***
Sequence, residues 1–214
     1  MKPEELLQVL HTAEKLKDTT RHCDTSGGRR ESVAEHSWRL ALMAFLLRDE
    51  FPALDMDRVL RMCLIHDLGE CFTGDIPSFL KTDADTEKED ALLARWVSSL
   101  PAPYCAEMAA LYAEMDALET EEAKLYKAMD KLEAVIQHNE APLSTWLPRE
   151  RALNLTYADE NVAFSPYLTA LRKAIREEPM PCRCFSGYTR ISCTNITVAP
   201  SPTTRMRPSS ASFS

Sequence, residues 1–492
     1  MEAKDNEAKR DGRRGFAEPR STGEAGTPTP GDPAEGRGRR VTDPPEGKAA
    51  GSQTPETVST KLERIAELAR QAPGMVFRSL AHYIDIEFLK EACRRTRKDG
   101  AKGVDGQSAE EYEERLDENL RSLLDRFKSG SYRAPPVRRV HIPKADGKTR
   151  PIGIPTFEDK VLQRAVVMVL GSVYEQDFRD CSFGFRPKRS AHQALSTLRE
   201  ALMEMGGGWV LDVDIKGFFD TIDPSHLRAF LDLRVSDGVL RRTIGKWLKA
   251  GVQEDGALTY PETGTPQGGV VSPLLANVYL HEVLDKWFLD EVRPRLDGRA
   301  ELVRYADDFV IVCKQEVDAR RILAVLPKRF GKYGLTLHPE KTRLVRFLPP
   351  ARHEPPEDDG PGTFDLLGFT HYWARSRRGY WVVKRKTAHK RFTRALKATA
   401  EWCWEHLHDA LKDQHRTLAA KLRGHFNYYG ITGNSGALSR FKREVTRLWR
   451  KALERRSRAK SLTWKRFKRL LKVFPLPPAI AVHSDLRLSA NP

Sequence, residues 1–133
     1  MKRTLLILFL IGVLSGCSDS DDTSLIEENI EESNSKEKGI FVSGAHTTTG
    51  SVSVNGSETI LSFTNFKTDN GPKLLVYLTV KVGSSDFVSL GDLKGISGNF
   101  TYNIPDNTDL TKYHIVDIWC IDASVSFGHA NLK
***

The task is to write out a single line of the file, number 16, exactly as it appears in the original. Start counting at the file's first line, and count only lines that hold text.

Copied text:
   401  EWCWEHLHDA LKDQHRTLAA KLRGHFNYYG ITGNSGALSR FKREVTRLWR